Almereyda’s Strange Nikola Tesla

Pie in Your Face?

DATELINE: Not Your Standard Tesla Biog

If Michael Almereyda makes the movie, it will be unconventional. It’s been 20 years since he and Ethan Hawke did Hamlet, and now they are teamed to take on Tesla who is even more morose and downbeat. What’s bizarre is that this biopic of Tesla is actually comedic.

Where else can you have a pie in the face moment between Edison and Tesla? Well, they use ice cream cones. Tesla on roller skates? Yes, that too.

If there is a point of utter amusement, it is Kyle MacLachlan as Edison. The real wizard of Menlo stole all his best ideas, and the actor playing him steals every scene with relish and pizzazz. Yes, you ought to call this film Edison. 

One fascinating and unusual technique is to use black and white 19thcentury photos in front of which Tesla walks (in Hawke’s prolonged stupor). Also outrageous is the blatant cruelty of Edison in killing dogs, horses, elephants, or people, with electricity to prove a point. It is appalling sociopathic behavior.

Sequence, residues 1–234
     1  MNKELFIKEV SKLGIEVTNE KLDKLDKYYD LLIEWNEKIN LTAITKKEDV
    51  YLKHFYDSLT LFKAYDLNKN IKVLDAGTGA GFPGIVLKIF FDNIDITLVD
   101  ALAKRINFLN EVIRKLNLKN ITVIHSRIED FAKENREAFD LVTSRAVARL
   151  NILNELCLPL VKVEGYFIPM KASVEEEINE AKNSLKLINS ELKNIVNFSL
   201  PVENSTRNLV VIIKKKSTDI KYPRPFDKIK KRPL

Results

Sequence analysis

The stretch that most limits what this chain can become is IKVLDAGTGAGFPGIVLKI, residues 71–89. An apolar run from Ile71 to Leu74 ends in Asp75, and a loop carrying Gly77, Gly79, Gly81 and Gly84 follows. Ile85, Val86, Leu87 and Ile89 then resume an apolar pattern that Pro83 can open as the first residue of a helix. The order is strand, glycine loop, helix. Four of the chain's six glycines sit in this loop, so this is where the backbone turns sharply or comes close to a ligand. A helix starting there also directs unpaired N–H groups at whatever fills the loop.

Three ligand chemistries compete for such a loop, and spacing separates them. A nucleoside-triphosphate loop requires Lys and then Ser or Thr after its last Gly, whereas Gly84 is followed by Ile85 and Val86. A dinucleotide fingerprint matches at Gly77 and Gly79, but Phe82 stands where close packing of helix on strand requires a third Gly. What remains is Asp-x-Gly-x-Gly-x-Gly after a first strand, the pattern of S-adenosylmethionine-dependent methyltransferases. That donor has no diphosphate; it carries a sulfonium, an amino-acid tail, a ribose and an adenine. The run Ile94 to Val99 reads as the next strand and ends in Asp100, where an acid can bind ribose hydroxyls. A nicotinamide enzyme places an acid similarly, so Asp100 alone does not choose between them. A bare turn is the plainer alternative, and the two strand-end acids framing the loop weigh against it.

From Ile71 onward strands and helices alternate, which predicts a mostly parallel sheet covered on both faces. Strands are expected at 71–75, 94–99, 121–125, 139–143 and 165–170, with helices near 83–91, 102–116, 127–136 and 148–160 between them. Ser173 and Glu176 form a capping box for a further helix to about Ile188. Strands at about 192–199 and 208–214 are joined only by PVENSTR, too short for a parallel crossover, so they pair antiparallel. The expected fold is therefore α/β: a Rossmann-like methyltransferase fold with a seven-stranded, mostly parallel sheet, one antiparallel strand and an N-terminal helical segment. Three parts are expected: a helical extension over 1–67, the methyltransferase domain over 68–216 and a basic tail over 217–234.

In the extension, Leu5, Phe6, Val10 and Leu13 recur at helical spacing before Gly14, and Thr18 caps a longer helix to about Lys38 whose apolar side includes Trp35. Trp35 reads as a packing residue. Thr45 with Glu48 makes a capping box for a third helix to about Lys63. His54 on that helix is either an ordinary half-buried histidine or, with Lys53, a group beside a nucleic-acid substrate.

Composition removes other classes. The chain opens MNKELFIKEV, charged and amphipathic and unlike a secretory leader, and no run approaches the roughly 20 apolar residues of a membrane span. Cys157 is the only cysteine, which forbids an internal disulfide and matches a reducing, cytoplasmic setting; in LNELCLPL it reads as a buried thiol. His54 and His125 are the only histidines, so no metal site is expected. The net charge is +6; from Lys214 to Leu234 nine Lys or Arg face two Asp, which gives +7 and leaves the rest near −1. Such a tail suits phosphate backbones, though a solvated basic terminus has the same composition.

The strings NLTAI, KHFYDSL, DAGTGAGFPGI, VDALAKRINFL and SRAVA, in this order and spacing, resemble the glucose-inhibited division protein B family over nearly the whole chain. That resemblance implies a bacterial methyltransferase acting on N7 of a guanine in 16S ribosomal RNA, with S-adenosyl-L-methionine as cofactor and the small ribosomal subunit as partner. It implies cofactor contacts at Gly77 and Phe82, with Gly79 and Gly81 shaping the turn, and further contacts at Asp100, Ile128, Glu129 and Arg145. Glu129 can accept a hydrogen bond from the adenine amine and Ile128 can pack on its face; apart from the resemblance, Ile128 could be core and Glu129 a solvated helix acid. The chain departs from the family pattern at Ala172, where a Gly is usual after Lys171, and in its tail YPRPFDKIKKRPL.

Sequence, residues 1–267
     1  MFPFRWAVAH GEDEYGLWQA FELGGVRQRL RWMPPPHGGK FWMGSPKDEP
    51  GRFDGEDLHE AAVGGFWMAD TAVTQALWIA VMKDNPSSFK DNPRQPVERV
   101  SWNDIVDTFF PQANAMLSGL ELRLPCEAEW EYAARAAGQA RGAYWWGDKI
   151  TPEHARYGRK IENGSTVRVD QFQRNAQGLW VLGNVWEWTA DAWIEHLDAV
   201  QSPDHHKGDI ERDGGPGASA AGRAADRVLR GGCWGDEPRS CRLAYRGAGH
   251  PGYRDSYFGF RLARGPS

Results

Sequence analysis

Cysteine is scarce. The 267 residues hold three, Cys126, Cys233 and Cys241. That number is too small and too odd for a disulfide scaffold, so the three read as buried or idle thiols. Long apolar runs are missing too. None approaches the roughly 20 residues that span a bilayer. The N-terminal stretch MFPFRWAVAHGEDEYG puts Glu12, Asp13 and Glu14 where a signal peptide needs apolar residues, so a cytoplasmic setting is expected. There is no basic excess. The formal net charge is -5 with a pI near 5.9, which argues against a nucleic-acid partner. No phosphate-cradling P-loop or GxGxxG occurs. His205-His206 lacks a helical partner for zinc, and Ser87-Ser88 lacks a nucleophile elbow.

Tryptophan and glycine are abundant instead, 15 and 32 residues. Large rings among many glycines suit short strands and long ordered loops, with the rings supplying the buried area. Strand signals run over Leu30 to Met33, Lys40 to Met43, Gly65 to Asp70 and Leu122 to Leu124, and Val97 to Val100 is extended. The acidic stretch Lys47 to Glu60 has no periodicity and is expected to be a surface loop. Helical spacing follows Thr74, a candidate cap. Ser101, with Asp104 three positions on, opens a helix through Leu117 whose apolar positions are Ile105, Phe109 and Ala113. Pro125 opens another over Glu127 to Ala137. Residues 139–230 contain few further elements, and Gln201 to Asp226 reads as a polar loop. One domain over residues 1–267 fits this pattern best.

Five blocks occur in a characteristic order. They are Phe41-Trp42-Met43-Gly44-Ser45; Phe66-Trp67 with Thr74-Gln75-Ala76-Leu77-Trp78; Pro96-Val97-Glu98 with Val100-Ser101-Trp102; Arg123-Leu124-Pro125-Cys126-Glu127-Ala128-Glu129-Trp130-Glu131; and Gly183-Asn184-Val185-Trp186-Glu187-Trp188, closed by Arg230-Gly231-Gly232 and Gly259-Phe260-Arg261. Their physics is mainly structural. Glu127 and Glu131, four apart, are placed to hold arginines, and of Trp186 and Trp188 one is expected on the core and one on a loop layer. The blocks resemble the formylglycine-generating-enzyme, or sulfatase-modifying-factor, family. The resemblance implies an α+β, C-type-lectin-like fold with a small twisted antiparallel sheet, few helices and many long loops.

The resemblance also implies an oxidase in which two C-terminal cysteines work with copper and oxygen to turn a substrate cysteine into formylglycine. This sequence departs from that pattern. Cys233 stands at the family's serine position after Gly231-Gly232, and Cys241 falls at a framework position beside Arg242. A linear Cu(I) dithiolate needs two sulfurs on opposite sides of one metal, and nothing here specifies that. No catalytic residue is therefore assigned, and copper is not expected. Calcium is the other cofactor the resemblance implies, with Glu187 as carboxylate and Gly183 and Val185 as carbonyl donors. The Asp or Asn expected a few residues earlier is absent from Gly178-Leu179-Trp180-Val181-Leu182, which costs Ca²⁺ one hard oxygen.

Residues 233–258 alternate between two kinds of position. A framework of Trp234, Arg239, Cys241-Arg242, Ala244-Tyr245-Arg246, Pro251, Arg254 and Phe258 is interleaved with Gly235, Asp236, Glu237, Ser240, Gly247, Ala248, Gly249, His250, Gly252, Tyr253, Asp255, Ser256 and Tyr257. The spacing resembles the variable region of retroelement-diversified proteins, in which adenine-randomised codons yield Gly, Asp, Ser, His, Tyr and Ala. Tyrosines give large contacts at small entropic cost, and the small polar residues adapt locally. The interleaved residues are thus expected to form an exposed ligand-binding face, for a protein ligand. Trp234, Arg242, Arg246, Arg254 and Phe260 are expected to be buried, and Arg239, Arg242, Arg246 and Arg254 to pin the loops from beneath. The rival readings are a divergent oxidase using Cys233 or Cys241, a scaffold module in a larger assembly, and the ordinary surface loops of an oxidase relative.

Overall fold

Most of the film covers the years that Tesla and Edison were reasonably young in the 19thcentury, though both actors seem like middle-aged versions, even in youth.

The film is narrated by J. Pierpont Morgan’s daughter, Anne (Eve Hewson), who is smitten with Tesla and knows her influence over her father will bode well for investment.  She often tells tales that never happened, like Edison and Tesla meeting at the 1893 World’s Fair for apology over pie. Edison wants a partnership and is proud of his motion picture invention (a conceit of Almereyda likely).

Other amusing scenes include Tesla and Edison vying for the attention of Sarah Bernhardt (unlikely as Tesla was likely gay), and the experiments in Colorado take on the appearance of Dr. Frankenstein in his laboratory. A brief meeting with the founding Swami of Hinduism is shown, but not of their ties to other famous believers in spiritualism.

The final straw for J.P. Morgan was Tesla’s belief he was receiving vibrations from Mars (or the undead, not noted in film). Of all the bizarre elements, the finish of Ethan Hawke singing “Everyone Wants to Rule the World,” is both delicious and hilarious.